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Attendant system - This is how it works to be an attendant with us

Our horses and ponies meet many people. Therefore, it is good if each horse has at least one handler that it gets to know a little better. The caretaker system is for those who want to learn more about how horses work. As a caretaker, you take shared responsibility for one of our horses or ponies. To make sure that you fit with your chosen horse or pony, you may work as a "trial groomer" for a number of days before your real grooming period begins.

Become an attendant with us
Do you want to become an attendant on one of our lesson horses or ponies, do you have questions or concerns about the attendant system? Contact the caretaker by e-mail:us@gfrk.se
To be able to put you in line for a nursing horse, we need to know your name, date of birth, phone number, email address, desired grooming days and which day you ride lesson. Care manager reads emails every day and replies at least once a week.


The structure and rules of the nursing system
• In order for the relationship between horse and handler to be as strong as possible, each horse or pony may have a maximum of two handlers.
• There is no difference between these two attendants regardless of the number of days each attends.
◦ Respect each other's days. If you are in the stable on the other groom's grooming day, you let that groom take care of the horse.
• It is possible to change the nursing horse. The waiting period is three months. But we do not accept exchanges on time or off time.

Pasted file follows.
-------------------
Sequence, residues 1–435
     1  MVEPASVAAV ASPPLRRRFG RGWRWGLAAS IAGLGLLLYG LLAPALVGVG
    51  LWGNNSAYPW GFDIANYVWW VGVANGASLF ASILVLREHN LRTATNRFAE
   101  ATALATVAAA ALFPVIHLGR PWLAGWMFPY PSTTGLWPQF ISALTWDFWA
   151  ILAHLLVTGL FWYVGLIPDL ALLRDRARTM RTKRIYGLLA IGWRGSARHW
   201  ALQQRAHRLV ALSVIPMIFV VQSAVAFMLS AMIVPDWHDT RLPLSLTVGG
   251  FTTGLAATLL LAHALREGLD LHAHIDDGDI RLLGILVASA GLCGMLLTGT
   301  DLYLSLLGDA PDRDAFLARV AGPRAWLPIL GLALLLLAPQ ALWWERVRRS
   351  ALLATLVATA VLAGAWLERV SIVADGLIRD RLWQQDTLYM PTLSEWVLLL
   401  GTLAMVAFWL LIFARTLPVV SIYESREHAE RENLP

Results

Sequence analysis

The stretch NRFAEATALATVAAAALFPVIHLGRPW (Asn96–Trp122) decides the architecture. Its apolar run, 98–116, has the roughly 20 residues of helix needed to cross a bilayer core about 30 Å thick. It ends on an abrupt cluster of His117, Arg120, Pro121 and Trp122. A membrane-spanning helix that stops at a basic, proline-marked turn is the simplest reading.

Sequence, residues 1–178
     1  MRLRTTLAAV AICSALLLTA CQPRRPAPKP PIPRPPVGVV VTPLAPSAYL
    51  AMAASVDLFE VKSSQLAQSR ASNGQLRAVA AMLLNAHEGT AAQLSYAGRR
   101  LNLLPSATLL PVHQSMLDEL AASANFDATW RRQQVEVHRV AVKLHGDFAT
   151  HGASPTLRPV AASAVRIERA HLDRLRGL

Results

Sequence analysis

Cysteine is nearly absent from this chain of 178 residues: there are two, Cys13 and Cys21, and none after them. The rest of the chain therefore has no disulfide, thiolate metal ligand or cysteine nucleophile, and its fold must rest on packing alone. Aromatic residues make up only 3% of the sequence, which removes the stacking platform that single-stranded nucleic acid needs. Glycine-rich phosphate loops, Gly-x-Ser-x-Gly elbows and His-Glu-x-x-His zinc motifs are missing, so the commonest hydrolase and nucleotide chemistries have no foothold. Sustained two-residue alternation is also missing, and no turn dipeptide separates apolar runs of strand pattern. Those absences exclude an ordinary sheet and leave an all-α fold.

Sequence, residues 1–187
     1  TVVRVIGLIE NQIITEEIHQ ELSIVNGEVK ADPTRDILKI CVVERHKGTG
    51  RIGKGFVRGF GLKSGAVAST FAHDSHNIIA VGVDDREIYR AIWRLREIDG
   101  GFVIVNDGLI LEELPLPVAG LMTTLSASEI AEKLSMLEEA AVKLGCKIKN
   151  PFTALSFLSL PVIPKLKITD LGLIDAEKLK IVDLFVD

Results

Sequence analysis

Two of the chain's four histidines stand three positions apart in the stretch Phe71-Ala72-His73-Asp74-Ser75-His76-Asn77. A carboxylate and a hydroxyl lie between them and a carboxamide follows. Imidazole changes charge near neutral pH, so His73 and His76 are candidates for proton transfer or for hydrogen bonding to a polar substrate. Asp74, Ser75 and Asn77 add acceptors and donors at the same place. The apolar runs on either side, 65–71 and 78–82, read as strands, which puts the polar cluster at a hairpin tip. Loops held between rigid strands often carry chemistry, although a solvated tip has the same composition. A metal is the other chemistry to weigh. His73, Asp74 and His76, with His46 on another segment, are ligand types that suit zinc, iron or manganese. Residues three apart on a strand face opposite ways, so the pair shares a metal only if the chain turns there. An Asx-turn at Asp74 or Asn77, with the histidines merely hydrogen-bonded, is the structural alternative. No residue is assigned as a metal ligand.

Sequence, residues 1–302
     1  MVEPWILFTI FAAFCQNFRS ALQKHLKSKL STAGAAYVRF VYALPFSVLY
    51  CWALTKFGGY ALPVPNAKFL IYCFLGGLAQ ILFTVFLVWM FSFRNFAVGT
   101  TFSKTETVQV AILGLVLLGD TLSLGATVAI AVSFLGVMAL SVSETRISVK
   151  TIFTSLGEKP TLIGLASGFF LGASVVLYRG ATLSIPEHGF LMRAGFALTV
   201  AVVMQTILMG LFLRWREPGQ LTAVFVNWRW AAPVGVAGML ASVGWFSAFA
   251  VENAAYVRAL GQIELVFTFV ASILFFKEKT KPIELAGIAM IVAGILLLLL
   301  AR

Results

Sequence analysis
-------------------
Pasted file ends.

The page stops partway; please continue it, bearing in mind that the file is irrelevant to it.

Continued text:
• In the event of an obstacle, you must contact the horse's or pony's other handler and ask them to handle it in your place. You can also notify the care manager about the days you cannot attend.
• Do you want to take care of one of our new horses? Then the waiting time is three months before you can even stand in line. This is to give the horses a chance to settle in.
• Some horses are more difficult than others. The caretaker has the right to interrupt the nursing period if the attendant's experience is not sufficient. This is to ensure the safety of the horse and the attendant.
• At least twice a year, the Youth Section's board organizes caretaker meetings. At the meetings, we go over who has a grooming horse and who is waiting in line to start grooming. Can't attend the meeting? Notify the caretaker. Anyone who has not contacted the carer manager will be removed from the carer system.


The attendant's responsibilities
• Brush and comb the horse's coat. Rumoring is important for the relationship between man and horse. The rumination stimulates the horse's blood circulation, opens the pores and makes the coat shiny.
• Scratch hooves and make sure that no stones or other things are stuck in the shoes. Also make sure that all shoes are securely fastened.
◦ Brushing, raking and scratching the hooves should take at least an hour each day.
◦ If a shoe is loose or missing, notify stable staff or instructor immediately.
• Visit the horse or pony every time you groom. Check that there are no wounds or swelling on the horse's body and assess the horse's general condition. Is it droopier, colder or warmer than usual?

◦ If the horse or pony has wounds, swelling or shows other symptoms of illness, notify stable staff or instructor immediately.
• Take care of your nursing horse or pony's equipment. The saddle, bridle and auxiliary reins must be lubricated regularly, preferably once a week, using the tools in the saddle chamber. Ironing coats must be kept clean of dirt and mud.
◦ Do not disassemble the horse's equipment unless you are absolutely sure how to put it back together. If the equipment is put together in the wrong way, there can be a safety risk for both horse and rider.
◦ Make sure the horse or pony does not go to class immediately after you have lubricated the equipment. Newly lubricated equipment is uncomfortable for both horse and rider.
◦ If equipment is missing or broken, notify stable staff or instructor immediately.

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